of bakingpoltery, and other things; and thus their expansion has become an index and a mark for other facts. They are made use of by exposing the pieces of clay to the heat of the body to be experimented on; and that heat is said to be a certain number of degrees, according to the point in the scale which the pieces of clay occupy when contracted.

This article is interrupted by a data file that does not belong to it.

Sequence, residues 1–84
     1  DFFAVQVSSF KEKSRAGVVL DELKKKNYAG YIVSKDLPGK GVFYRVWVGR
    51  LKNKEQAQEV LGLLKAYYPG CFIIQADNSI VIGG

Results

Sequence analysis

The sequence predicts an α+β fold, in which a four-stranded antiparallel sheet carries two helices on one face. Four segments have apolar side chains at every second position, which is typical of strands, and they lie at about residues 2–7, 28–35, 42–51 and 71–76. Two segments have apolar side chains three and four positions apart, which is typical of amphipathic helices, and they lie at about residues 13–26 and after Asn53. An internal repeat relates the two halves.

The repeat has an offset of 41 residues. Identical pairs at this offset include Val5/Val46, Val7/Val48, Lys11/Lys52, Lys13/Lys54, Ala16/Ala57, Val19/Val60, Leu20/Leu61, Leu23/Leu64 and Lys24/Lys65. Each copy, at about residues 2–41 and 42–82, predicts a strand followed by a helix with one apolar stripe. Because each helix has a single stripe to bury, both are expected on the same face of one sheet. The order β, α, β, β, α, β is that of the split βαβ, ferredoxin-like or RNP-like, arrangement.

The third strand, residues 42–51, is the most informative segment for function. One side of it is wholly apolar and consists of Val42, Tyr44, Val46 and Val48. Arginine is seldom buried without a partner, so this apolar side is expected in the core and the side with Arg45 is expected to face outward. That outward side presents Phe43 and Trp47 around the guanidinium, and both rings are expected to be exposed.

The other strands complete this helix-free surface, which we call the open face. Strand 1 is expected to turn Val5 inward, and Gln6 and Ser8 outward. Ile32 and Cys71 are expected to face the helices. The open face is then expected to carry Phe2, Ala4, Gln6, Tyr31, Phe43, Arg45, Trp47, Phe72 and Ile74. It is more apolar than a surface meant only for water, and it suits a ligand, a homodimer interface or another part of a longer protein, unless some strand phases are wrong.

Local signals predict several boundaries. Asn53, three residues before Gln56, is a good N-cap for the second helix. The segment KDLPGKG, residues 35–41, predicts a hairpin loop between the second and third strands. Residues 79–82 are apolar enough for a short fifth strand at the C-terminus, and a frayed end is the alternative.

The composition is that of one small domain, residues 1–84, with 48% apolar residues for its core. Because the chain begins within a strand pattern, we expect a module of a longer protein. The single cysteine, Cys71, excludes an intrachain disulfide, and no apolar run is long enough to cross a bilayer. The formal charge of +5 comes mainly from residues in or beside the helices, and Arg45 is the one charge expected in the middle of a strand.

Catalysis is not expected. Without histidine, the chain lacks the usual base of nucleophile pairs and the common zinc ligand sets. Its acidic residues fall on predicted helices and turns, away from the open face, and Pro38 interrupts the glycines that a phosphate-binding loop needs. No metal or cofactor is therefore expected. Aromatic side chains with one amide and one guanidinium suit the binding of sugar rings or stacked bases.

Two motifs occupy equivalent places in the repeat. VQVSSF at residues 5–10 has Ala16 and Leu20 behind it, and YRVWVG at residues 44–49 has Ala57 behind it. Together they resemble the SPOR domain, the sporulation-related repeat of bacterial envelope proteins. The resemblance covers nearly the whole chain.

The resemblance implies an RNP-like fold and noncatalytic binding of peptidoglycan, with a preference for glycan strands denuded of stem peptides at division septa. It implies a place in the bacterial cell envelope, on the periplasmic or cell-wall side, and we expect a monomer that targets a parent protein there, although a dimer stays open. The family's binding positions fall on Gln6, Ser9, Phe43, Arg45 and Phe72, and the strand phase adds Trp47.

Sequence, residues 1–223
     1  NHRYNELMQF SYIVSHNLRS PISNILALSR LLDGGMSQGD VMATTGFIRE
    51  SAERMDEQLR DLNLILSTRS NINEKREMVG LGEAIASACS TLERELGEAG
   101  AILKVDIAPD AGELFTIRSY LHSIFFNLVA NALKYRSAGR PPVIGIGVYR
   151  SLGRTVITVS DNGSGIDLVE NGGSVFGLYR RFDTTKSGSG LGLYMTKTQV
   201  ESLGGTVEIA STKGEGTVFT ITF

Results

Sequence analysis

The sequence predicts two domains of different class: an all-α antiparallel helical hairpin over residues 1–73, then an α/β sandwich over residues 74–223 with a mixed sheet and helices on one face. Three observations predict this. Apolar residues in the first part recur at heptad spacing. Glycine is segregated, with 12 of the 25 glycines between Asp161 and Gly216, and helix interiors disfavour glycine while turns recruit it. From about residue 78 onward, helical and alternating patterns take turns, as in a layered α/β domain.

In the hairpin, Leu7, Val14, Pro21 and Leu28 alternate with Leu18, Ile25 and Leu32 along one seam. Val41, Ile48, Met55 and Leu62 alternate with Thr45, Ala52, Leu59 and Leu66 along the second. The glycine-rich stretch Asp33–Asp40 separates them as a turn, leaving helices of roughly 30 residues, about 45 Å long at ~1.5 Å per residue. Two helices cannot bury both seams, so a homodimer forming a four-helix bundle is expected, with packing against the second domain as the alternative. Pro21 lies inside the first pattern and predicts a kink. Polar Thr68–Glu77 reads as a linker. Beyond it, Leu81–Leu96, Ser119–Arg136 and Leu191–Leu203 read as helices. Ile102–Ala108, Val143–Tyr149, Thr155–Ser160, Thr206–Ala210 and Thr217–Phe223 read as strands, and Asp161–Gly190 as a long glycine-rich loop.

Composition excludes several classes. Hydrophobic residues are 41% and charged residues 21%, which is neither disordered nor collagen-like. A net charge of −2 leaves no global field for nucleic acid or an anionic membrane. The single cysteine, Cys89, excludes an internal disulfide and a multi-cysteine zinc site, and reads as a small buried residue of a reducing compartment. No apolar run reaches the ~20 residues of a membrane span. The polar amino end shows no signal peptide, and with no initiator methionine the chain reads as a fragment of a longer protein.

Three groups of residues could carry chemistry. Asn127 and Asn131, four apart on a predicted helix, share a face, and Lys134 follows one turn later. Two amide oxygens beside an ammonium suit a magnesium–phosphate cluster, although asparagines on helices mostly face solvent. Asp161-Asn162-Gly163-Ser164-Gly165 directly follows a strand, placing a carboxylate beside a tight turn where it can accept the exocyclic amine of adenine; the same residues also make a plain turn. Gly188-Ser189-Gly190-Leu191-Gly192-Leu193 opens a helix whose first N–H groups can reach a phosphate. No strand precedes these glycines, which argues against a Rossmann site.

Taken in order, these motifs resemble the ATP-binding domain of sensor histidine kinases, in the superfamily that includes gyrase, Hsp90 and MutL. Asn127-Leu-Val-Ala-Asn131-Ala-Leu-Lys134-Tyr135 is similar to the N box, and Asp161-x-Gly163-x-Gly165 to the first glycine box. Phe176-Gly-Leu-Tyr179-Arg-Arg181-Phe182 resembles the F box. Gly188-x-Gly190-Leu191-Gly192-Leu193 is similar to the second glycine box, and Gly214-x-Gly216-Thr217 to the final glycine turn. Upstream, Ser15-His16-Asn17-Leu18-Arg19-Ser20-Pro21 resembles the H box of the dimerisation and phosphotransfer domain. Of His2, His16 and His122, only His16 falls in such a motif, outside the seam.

Only one of these metals is extensively diffused, or in its metallic state put to any important use. For any interest which they possess, therefore, we might pass them by without any notice; but as substances with which, the researches of chemists have made us acquainted, but which have not yet been decompounded, we must necessarily briefly describe them. The first of them presents a curious illustration of the mode of applying names. Nickel signifies, in German, from which it is derived, false, dirty, or foul; and in this sense is applied to the very worst description of females. Now nickel is found in different parts of Germany, and was supposed by the miners to be copper. As they; could not, however, extract any copper from it, they gave it the. name of kupj'er-nkkel, or false eopper. When a scientific chemist of the name of Cronstedt came to examine it, about 1750, and found that it was a metal different from all others, he retained the - Iat« ter part of the name, given it in reproach, and called it ntckel,, which has since been universally adopted; and thus an element of nature is stigmatized by a term, than which no more opprobrious name can be given to a woman. For any others people but Germans this is certainly of no consequence; but it is rather a curious specimen of the manner in which names, that in a scientific point of view ought to express the qualities of substances, are Applied. Nickel is rather a scarce mineral, and is always found combined with some other metals, which for a long time occasioned its separate exist* eriee to be denied. The brittle metal that is usually sold under this name always contains iron, arsenic, copper, cobalt, and bismuth. When pure it is of a fine white colour, resembling silver,-and is rather softer than iron. It is: malleable both when cold and hot; it is attracted by the magnet, and, like steel, may be converted into a magnet, pointing, when suspended, to the north, like a common magnetic needle. It is put to no use; and is, perhaps, most remarkable on account of its forming a part of almost all the stones which have fallen from the sky (meteoric stones) in every part of the world.